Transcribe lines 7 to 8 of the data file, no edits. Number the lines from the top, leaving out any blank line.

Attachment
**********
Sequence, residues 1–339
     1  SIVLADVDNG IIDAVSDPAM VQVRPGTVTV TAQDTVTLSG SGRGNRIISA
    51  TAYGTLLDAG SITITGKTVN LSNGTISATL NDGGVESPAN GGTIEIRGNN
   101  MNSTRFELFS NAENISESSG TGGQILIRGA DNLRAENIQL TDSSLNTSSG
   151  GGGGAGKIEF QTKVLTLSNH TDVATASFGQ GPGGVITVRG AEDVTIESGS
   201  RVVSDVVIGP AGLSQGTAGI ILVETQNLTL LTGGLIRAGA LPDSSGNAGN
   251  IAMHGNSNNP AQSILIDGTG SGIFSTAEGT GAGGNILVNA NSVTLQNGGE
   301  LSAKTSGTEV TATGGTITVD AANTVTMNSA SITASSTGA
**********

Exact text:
   251  IAMHGNSNNP AQSILIDGTG SGIFSTAEGT GAGGNILVNA NSVTLQNGGE
   301  LSAKTSGTEV TATGGTITVD AANTVTMNSA SITASSTGA